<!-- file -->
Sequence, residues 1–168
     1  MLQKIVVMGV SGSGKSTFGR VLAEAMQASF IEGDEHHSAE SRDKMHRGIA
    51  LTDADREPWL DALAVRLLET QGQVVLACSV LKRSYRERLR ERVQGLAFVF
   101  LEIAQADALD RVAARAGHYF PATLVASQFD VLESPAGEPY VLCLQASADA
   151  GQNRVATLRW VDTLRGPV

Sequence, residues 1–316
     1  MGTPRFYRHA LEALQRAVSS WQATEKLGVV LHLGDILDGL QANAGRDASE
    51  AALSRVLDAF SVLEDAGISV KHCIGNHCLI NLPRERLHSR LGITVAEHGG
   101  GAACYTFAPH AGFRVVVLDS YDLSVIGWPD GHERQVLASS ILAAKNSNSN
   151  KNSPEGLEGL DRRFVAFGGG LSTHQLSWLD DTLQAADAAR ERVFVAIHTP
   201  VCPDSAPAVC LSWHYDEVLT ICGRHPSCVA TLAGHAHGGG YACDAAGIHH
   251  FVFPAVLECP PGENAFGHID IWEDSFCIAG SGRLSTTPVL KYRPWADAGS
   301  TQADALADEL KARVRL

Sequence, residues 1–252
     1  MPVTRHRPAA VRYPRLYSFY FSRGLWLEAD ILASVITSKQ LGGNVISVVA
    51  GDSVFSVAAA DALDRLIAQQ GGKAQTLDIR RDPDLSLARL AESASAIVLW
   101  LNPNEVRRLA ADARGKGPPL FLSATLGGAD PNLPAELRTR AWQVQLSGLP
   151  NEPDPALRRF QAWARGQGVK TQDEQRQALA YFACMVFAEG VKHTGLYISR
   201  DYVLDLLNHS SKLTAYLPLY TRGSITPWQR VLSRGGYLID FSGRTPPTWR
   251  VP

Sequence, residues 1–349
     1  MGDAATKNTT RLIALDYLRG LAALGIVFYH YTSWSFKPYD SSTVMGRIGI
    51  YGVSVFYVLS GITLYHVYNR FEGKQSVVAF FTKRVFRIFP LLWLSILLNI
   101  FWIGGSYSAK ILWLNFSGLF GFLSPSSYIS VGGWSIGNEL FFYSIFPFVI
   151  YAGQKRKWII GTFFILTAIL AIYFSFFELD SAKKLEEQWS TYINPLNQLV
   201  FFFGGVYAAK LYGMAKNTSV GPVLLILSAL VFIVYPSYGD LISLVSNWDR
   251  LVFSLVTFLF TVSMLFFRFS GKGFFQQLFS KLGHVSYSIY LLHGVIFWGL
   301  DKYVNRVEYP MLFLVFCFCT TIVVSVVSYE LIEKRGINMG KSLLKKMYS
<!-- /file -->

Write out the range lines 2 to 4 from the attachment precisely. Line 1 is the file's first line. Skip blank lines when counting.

     1  MLQKIVVMGV SGSGKSTFGR VLAEAMQASF IEGDEHHSAE SRDKMHRGIA
    51  LTDADREPWL DALAVRLLET QGQVVLACSV LKRSYRERLR ERVQGLAFVF
   101  LEIAQADALD RVAARAGHYF PATLVASQFD VLESPAGEPY VLCLQASADA